Eager for that decisive battle, Napoleon split his force into two bodies, one on each side of the river (throughout his military career, he was a huge fan of this sort of maneuver). The Rampon and Vial divisions faced the Mameluke cavalry and Emababeh, while the Desaix division marched up the west side of the Nile in order to secure the flank. Each division had formed itself into a hollow square bristling with weapons.
The Mameluke cavalry, fearless, immediately began a frontal charge. The French refrained from firing until the enemy was atop them, then fired waves of bullets, killing hundreds and making the rest flee in disorder. French artillery also fired off grapeshot at point-blank range, adding to the decimation.
Next, the French turned their attention to the Mameluke infantry dug in before the village of Embabeh. The Mameluke infantry broke and fled; trapped between the advancing French and the Nile, they were either slaughtered or drowned trying to escape.
Final casualties: Roughly five thousand Egyptians, versus three hundred French wounded or killed.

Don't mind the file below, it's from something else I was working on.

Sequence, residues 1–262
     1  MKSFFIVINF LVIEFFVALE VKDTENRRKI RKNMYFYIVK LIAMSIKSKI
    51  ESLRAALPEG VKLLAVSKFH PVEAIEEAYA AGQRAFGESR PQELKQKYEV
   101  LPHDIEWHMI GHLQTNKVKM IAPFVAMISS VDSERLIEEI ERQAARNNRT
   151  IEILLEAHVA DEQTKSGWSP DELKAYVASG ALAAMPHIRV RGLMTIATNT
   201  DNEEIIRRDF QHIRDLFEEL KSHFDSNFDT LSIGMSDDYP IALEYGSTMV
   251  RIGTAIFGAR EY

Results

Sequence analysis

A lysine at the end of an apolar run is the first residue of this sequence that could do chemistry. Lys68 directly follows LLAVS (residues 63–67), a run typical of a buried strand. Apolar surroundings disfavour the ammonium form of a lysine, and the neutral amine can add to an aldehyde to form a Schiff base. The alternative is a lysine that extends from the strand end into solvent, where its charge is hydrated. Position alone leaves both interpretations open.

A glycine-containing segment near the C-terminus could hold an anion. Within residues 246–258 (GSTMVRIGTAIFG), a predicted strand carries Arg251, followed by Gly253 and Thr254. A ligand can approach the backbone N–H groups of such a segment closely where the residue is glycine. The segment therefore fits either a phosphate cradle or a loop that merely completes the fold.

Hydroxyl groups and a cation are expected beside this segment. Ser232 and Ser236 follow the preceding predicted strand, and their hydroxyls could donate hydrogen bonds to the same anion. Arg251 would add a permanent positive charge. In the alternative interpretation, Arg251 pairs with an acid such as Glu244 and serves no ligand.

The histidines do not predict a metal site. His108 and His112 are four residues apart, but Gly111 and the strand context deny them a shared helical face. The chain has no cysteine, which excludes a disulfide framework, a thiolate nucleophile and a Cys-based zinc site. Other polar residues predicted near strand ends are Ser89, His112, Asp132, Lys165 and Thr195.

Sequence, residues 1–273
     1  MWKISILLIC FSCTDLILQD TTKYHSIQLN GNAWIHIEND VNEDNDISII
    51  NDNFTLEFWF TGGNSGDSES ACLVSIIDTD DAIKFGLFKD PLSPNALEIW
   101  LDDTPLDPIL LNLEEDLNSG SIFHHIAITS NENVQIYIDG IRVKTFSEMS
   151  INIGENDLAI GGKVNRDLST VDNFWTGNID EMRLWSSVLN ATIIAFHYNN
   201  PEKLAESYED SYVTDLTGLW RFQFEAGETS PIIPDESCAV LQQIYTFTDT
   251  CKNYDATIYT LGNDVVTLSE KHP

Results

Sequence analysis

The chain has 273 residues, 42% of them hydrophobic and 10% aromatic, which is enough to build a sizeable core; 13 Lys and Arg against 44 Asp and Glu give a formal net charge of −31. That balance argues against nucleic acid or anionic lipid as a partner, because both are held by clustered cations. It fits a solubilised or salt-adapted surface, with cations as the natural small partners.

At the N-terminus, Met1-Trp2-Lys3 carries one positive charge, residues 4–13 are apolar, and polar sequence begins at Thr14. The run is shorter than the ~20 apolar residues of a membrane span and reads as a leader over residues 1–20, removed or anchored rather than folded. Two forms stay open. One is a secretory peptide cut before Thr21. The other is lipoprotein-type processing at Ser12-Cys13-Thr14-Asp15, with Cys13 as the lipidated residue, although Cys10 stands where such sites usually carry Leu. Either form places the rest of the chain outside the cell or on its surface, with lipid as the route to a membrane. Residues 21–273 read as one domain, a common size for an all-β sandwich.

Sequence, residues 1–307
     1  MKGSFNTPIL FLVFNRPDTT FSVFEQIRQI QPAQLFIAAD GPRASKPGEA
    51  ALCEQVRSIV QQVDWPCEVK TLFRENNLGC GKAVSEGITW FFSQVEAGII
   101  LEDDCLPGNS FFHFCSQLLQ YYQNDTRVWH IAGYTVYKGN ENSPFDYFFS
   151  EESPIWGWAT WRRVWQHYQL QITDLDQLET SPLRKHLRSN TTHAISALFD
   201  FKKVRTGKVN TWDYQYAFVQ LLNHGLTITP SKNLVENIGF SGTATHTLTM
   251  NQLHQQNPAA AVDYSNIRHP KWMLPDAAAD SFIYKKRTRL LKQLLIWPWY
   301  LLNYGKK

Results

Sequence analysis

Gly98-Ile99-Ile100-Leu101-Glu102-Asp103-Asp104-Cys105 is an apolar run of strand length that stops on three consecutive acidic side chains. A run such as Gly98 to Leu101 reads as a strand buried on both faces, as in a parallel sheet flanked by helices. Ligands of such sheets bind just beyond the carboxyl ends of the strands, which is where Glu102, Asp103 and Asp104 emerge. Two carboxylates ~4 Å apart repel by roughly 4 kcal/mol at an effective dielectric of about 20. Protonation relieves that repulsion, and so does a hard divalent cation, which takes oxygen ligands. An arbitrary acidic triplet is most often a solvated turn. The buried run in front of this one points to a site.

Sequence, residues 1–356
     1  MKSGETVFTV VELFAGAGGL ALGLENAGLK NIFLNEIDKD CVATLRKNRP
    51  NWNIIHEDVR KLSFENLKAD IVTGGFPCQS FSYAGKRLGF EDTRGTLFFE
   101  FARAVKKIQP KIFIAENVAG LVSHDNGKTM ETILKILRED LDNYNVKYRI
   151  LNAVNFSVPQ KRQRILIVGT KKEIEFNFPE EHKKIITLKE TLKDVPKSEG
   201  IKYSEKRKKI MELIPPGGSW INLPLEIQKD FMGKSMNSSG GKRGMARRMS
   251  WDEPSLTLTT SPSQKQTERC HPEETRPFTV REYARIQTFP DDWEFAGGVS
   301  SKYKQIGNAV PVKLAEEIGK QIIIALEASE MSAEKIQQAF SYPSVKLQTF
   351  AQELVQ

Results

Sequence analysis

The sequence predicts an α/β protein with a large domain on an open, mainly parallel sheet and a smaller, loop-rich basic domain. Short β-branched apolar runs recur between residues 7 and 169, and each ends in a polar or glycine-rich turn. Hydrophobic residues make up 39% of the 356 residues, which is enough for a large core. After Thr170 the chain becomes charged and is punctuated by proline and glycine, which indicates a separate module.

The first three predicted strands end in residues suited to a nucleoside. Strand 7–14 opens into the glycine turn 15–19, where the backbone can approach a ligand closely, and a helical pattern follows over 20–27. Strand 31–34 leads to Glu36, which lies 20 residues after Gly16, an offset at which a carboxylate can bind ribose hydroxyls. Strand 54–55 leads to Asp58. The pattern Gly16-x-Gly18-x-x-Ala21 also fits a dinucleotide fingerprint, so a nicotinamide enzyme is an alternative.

The battle demonstrated the strength of the French tactical system, particularly against an opponent ill-suited to handle massed muskets. Napoleon marched unmolested into Cairo on July 24. With Egypt now under French control, Napoleon attempted to calm the population by issuing edicts that portrayed his arrival as predicted by the Koran. This strategy, however predictably, failed. When the population rose up, the French had to suppress them with executions and gunfire.
Napoleon knew full well that the British would attempt to attack his campaign via the sea. Accordingly, he anchored his fleet outside Aboukir Bay, near the mouth of the Nile. In a move with massive repercussions later, though, he neglected to adequately plan for the fleet’s supply, much less how the ships could dock and repair.
That made the French fleet a prime target for British Navy Rear-Admiral Sir Horatio Nelson, who had 13 ships of the line, one fourth-rate, and one sloop of war (basically, 13 massive warships, one smaller warship, and one relatively tiny (20-gun) vessel). The British, sighting the French fleet in Aboukir Bay on August 1, immediately attacked the French, who were not only undersupplied and ill-prepared, but had lined up their ships in a way that allowed the British fleet to bracket and pulverize them.